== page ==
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Gingrich ‘unofficially’ suspends campaign

Former Speaker of the House Newt Gingrich, his failed presidential campaign mired in millions of dollars in debt and his political future uncertain, “unofficially” suspended his campaign Wednesday and will bow out officially next week with an expected endorsement of Mitt Romney for the GOP Presidential nomination. Defiant to the end, Gingrich still insisted Wednesday he is the “best candidate” in the GOP field, a faint boast in a primary campaign that many feel brought out the worst slate of contenders in presidential history. In the end, the Republican who lived lavishly while preaching financial austerity bounced checks and drew
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Romney sweeps primaries

The Republican presidential nomination all but in hand, Mitt Romney is refocusing his efforts on challenging President Barack Obama, raising cash for the battle ahead and reconciling with onetime primary rival Rick Santorum. “Tonight is the start of a new campaign,” the former Massachusetts governor said Tuesday night as he celebrated a sweep of five primaries. He blasted Obama as a man whose time in office has been marked by “false promises and weak leadership” in a time of economic struggle. The contests were the first since Santorum conceded the race, and the former Pennsylvania senator said he intends to
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Will Gingrich finally admit his campaign is finished?

Newt Gingrich‘s wild ride of a presidential campaign could soon be coming to an end. The Republican candidate is reassessing his candidacy after rival Mitt Romney easily won Delaware, one of five northeastern states holding presidential primaries on Tuesday, and the state where Gingrich campaigned most heavily. “I think we need to take a deep look at what we are doing,” Gingrich told NBC in an interview on Monday. Republican front-runner Romney delivered a speech billed by his campaign as his first address of the general election campaign against Democratic President Barack Obama. Romney won all 17 delegates up for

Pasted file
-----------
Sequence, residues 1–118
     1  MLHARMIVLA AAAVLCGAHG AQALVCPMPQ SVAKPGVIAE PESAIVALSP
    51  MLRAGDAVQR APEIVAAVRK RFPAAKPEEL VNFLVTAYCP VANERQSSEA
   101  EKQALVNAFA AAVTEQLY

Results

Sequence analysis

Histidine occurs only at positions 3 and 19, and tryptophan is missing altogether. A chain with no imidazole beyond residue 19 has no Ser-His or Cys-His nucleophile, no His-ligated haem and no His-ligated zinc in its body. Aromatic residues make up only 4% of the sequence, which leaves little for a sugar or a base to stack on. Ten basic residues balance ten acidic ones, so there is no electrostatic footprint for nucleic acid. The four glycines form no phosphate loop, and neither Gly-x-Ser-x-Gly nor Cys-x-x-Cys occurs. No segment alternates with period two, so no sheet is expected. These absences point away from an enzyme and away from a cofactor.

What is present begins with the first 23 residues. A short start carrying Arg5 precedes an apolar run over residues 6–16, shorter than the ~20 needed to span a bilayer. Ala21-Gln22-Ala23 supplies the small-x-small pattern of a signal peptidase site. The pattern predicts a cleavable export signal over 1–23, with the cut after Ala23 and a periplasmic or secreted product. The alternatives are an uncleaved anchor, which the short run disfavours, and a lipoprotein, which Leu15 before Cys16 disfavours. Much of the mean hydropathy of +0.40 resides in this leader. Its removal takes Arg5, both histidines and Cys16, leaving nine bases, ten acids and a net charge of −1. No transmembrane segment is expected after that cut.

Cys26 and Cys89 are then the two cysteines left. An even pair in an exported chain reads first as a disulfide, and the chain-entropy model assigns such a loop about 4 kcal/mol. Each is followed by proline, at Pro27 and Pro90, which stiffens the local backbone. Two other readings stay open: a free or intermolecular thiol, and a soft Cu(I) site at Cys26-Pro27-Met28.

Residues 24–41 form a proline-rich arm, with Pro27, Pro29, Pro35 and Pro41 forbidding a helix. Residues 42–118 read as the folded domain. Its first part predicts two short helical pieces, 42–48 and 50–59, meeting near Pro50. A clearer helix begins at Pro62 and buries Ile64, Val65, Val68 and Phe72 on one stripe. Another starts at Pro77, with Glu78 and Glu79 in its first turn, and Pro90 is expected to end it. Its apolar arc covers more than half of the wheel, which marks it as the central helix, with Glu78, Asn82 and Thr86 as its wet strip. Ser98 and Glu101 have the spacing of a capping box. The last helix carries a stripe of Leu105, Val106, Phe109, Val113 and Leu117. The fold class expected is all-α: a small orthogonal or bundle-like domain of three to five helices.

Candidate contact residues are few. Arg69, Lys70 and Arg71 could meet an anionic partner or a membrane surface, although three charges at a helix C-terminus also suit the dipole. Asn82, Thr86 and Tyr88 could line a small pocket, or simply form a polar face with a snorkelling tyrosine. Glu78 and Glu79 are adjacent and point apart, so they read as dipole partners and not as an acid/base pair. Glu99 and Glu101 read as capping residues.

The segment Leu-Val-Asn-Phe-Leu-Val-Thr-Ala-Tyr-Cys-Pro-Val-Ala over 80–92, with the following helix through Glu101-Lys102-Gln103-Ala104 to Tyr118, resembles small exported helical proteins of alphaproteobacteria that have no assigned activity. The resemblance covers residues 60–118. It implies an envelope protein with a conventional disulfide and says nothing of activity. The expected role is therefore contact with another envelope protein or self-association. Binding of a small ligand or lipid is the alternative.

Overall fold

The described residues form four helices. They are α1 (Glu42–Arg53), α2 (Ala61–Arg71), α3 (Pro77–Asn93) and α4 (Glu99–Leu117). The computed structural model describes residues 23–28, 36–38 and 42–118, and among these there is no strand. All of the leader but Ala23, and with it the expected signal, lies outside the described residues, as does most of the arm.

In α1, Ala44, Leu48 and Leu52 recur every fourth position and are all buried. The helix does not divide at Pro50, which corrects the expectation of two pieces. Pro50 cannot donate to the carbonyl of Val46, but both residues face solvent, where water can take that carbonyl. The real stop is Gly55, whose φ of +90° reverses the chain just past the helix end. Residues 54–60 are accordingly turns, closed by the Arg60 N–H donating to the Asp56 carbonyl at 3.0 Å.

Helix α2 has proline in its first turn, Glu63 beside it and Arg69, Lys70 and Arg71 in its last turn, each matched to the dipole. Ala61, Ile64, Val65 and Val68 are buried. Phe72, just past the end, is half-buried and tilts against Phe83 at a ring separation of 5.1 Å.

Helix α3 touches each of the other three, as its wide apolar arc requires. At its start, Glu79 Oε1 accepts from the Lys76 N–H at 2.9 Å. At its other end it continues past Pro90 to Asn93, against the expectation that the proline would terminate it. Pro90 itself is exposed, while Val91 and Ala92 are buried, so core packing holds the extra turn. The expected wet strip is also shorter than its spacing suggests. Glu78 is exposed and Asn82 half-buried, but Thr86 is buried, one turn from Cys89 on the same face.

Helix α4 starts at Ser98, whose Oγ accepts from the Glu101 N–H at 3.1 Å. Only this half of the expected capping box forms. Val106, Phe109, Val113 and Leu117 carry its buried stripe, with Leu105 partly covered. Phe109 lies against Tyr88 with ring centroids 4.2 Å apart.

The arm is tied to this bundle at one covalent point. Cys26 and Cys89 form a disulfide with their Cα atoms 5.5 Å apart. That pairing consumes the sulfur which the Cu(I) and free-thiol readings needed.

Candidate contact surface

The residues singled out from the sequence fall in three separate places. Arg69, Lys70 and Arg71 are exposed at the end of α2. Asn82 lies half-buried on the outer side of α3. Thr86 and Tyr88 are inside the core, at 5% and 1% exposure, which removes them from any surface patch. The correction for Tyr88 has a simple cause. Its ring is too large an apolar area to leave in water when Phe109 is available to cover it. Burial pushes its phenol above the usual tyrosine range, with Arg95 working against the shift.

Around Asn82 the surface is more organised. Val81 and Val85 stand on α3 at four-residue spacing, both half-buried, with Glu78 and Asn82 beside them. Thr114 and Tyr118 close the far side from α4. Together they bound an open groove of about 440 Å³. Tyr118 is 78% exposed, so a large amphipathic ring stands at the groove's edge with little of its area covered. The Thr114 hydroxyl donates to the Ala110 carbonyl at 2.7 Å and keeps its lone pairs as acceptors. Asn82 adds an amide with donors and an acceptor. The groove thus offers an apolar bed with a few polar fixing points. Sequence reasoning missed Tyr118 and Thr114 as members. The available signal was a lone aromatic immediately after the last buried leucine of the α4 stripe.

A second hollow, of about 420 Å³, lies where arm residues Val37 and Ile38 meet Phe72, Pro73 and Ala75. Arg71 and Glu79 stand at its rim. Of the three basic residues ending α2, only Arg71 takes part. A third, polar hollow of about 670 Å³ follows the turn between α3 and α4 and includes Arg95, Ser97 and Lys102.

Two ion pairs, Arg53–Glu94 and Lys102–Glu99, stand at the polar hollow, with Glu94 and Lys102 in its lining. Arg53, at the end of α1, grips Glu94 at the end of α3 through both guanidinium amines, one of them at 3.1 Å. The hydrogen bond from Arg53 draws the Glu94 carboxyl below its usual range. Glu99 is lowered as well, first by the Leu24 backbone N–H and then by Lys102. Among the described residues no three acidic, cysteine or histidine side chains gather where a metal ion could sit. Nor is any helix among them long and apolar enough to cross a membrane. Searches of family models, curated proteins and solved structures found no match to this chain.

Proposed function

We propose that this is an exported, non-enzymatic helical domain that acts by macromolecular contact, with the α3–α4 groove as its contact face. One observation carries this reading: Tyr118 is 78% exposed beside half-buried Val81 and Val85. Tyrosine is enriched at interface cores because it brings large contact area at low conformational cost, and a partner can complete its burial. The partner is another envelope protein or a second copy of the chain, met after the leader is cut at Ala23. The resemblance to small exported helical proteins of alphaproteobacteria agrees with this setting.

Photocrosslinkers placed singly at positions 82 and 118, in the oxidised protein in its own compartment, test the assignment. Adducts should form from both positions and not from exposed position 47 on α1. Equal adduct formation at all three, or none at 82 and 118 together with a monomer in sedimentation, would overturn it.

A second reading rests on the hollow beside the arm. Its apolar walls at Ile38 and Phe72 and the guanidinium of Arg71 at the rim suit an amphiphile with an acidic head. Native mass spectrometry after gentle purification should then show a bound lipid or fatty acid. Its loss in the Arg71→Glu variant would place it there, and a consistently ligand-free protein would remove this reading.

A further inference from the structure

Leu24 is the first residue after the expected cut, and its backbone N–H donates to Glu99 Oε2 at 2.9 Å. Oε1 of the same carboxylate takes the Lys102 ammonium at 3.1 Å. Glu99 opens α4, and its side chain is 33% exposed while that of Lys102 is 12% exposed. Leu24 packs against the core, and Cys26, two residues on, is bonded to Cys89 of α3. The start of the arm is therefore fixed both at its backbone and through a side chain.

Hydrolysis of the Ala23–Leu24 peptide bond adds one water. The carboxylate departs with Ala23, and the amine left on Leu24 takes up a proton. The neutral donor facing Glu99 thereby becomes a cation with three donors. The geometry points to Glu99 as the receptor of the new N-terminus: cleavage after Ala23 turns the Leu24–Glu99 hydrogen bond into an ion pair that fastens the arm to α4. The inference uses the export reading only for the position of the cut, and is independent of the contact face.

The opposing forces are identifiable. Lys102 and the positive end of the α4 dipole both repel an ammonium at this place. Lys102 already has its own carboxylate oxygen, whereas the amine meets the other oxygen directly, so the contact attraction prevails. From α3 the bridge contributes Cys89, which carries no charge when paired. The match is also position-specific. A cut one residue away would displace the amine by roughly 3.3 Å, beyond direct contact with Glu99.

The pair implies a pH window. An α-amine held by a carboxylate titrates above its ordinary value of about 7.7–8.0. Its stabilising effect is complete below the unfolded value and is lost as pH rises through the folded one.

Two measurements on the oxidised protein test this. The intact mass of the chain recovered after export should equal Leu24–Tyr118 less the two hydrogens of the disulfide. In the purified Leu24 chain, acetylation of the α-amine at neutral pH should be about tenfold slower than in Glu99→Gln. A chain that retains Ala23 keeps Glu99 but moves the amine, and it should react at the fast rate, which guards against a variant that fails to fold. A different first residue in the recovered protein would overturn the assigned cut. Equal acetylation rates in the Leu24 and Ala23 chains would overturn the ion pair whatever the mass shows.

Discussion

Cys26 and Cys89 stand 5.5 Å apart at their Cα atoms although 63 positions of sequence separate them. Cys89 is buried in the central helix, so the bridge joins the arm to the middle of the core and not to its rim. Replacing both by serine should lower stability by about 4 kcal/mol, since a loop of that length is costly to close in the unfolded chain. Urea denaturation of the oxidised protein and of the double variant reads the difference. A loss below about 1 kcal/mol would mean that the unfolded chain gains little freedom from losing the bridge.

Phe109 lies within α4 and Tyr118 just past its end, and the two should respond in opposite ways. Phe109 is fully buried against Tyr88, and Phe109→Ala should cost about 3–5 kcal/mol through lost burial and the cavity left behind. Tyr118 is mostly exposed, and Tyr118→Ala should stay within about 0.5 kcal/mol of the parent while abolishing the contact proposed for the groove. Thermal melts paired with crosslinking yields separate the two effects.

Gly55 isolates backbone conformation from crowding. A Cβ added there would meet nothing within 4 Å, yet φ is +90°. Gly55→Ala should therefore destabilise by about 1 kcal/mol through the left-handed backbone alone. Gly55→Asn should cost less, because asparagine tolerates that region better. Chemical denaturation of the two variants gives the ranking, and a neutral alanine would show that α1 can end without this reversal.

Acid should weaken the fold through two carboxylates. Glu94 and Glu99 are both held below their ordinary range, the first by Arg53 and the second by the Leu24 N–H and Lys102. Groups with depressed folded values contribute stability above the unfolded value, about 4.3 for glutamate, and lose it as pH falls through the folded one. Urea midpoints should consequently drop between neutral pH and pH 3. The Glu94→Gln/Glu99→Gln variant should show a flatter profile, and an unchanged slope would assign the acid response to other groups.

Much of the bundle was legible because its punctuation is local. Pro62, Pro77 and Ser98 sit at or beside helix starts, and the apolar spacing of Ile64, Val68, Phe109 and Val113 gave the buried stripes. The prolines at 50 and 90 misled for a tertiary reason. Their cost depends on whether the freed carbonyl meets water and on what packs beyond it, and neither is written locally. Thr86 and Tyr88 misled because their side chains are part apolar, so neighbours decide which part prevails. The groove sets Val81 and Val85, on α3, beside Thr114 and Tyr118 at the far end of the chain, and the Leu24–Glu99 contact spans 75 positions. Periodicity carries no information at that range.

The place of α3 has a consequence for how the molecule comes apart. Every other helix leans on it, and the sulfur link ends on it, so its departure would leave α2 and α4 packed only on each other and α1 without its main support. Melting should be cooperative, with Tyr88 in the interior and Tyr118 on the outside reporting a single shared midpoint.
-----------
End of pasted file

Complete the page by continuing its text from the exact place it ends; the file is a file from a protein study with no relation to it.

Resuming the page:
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Younger voters up for grabs

Once thought to be solidly behind President Barack Obama, younger voters burdened by a bleak employment picture, high gas prices and student loan debt are being aggressively wooed by the Democrat and his likely Republican challenger, Mitt Romney. In 2008, Obama had a 34-point advantage over Republican Sen. John McCain among voters under age 30. He won about two-thirds of the vote in that age group. But a new Harvard poll suggests the president may face a harder sales job with younger voters this time around. Obama led Romney by 12 points among those ages 18-24, according to the survey.
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Two more Secret Service agents out as scandal deepens

Two more U.S. Secret Service agents are resigning over a Colombia prostitution scandal, the agency said on Tuesday, as it sought to close a chapter in its worst case of alleged misconduct in decades. Even as the Secret Service announced the fates of all of the remaining employees under investigation, President Barack Obama defended those tasked with protecting him, saying a “couple of knuckleheads” should not discredit the entire agency. “What these guys were thinking, I don’t know. That’s why they’re not there anymore,” Obama said nearly two weeks after the incident in Colombia that embarrassed the U.S. government and